Changes to the Telephone Consumer Protection Act Effective October 16, 2013

November 11, 2013Articles
The Telephone Consumer Protection Act of 1991, 47 USC 227, et. seq. (“TCPA”) and the accompanying Federal Communications Commission rules (47 CFR 64.100, et. seq.) ban many phone calls and text messages that are sent to a mobile phone using an automatic dialing system (“ATDS”) as defined in the TCPA. The ban is complete unless the recipient previously gave consent to receive the message or the message was sent for emergency purposes. Prior to October 16, 2013, consent could be inferred from an existing business relationship between the sender and the recipient.

On October 16, 2013, the rules were supplanted, in part. The FCC will now require prior written and unambiguous consent by any person receiving calls from an ATDS. Calls include SMS text messages and even Mobile Service Commercial Messages (MSCMs) (email delivered to a cell phone, pager, or other wireless device). Accordingly, any messages sent to a wireless device using an automated dialing system or ATDS will be governed by the new TCPA regulations.

Pre-recorded telemarketing messages may no longer be sent to wireless numbers or residential numbers without prior express written consent and all such prerecorded telemarketing messages must include a DNC automated, interactive voice and/or key-press-activated opt-out mechanism which will immediately terminate the call. This eliminates the previous exemption in the TCPA for calls to a consumer’s residential land line if the caller had an established business relationship with the consumer. Companies who use automated systems for debt collection or information purposes should consult with a legal professional to ensure full compliance with the new TCPA.

As of October 16, any marketer sending commercial messages to a cell phone, pager, or other wireless device, whether by voice, SMS, or MSCM must do all of the following to avoid liability:
  1. Identify the company to whom consent is being provided;
  2. Include the consumer’s cell phone number;
  3. Obtain an affirmative written agreement;
  4. Clearly and conspicuously disclose that the consumer is authorizing the seller to engage in telemarketing and mobile marketing and that calls may be made with an ATDS.
  5. Disclose that the sender is not required to provide consent as a condition of purchasing goods or services; and
  6. The consumer may revoke his or her authorization to receive further calls or messages at any time. Such revocation does not need to be in writing.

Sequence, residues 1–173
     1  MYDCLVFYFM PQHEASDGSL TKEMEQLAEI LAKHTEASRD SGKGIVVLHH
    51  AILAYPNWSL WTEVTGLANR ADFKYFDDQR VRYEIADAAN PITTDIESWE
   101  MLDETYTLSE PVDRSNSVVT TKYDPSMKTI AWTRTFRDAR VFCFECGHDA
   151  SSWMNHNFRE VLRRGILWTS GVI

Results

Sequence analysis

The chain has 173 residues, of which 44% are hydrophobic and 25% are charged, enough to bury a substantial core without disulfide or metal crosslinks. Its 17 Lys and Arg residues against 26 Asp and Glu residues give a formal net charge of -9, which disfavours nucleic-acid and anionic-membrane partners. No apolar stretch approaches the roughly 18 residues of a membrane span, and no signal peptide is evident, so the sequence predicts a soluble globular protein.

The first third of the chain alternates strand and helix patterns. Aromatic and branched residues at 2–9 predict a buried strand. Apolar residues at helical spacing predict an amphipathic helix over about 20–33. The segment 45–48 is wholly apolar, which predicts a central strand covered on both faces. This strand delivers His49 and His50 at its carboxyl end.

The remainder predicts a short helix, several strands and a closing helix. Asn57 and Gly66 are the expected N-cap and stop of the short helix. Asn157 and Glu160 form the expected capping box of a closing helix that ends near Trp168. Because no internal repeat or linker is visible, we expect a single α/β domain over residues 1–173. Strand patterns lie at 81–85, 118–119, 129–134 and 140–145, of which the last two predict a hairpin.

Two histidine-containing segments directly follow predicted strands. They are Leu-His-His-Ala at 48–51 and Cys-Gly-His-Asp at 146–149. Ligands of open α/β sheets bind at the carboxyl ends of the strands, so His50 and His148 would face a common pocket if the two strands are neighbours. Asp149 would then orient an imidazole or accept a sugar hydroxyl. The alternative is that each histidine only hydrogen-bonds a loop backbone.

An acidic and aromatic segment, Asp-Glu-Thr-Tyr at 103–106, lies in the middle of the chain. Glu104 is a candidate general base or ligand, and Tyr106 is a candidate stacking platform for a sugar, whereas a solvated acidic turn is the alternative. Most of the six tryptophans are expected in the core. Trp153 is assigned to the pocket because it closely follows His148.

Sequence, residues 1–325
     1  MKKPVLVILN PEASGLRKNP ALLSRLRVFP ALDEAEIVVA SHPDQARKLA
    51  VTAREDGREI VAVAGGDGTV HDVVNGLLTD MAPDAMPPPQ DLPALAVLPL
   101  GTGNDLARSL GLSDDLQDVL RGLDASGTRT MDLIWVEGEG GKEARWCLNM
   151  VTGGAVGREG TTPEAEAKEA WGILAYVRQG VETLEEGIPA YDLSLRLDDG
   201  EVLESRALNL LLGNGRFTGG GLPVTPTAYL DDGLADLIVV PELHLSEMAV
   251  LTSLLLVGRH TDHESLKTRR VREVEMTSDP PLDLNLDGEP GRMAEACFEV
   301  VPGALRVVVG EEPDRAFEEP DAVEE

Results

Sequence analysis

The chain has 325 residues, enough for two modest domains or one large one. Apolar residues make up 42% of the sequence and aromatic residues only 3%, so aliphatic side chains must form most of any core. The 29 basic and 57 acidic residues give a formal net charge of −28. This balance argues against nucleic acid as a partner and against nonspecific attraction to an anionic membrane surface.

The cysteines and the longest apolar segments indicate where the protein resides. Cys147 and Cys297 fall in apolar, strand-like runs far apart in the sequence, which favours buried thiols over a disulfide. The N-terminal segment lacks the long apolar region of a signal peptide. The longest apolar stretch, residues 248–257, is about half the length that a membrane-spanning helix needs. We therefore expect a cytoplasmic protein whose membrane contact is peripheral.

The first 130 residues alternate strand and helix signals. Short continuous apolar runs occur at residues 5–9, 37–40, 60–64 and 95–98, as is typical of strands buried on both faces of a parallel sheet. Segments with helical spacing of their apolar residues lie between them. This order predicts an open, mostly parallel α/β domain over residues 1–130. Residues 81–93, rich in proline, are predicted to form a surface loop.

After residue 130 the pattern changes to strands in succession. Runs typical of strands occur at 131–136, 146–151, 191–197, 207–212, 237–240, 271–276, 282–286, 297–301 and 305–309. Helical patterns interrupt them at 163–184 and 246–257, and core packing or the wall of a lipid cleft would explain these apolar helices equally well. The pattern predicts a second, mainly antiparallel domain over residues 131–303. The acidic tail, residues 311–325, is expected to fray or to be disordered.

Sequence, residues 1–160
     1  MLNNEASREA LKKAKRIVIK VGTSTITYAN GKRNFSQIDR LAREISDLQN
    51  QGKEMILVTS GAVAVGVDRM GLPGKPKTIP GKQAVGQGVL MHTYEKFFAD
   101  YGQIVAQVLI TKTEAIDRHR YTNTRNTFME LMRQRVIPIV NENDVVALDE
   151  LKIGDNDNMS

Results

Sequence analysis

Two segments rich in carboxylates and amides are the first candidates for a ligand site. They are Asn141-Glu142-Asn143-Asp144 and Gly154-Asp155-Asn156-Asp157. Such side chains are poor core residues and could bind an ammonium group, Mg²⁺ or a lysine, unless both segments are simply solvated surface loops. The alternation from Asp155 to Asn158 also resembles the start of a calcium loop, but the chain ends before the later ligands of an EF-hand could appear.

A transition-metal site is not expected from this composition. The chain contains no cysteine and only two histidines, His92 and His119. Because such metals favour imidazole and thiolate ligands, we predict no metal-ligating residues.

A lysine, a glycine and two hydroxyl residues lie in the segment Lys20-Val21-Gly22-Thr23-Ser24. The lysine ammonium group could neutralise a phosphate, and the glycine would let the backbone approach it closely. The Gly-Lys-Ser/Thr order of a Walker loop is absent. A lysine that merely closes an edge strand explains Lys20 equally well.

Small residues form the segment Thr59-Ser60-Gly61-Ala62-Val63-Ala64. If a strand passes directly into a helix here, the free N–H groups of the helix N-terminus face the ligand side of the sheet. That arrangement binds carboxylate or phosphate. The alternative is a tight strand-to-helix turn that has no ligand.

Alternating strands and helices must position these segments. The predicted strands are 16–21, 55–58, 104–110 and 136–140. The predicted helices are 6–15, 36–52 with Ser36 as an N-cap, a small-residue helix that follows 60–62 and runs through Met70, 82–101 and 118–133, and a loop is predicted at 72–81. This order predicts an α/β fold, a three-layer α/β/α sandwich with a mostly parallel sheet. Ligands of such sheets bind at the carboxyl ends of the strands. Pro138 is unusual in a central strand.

What is Prior Written Express Consent?

Prior written express consent must be unambiguous and cannot be “inferred” by a consumer’s mere click on a hyperlink on a company’s website. Mass marketers should mandate that a consumer acknowledge by clicking “agree” next to a statement that says, “I hereby consent to receive telemarketing calls and messages from or on behalf of [Company] at the phone number provided above, including my wireless number. I understand these calls and messages may be in the form of SMS or MSCM and I further understand that consent is not a condition of purchase.”

Forms of Consent

A. Physical Forms like customer agreements/contracts; order forms; and business reply cards must include a date and be maintained by the seller although they may be scanned and stored electronically.

Suggested Disclosure: By signing below, I consent to receive calls from Company regarding Company’s products and services at the phone number(s) above, including my wireless number, if provided. I understand I may be charged by my wireless carrier for such calls and that such calls may be generated by an automated dialing system. I also understand that consent is not required in order to buy products or services from Company.

B. Online Forms like lead generation forms or preference centers must include names,
telephone numbers, time/date of consent, the consumer’s IP address, and the URL of the consent page containing the exact consent language.

Suggested Disclosure: By checking this box (cannot be pre-populated) and submitting this form, I consent to receive calls from Company regarding Company’s products and services at the phone number(s) above, including my wireless number, if provided. I understand there may be a charge by my wireless carrier for such calls and that such calls may be generated by an automated dialing system. I also understand that consent is not required in order to buy products or services from Company.

C. Emails including replies with affirmation or consent. Copies of emails must be maintained by the seller.

Suggested Disclosure: Company may occasionally have products or services that may be of interest to you. Do you consent to us calling you on your wireless number to inform you of such products or services? Please be advised there may be wireless charges associated with these calls and such calls may be made using automated dialing systems. If you consent, please reply to this e-mail and state “I consent” and provide your wireless number and your name.

D. Text messages and mobile calls.

The seller has the burden of proof to show that the recipient provided written consent to be called. Marketers should obtain and retain a screen shot of this consent for each and every consumer for a period of five years and ideally should capture the data record submitted by the consumer along with the consumer’s IP address. Companies should review their current record keeping procedures to prepare for the new requirements.

Sellers will want to continue checking numbers against the state, federal and wireless Do Not Call registries but under the new regulations, express written consent can revoke a previous DNC registration.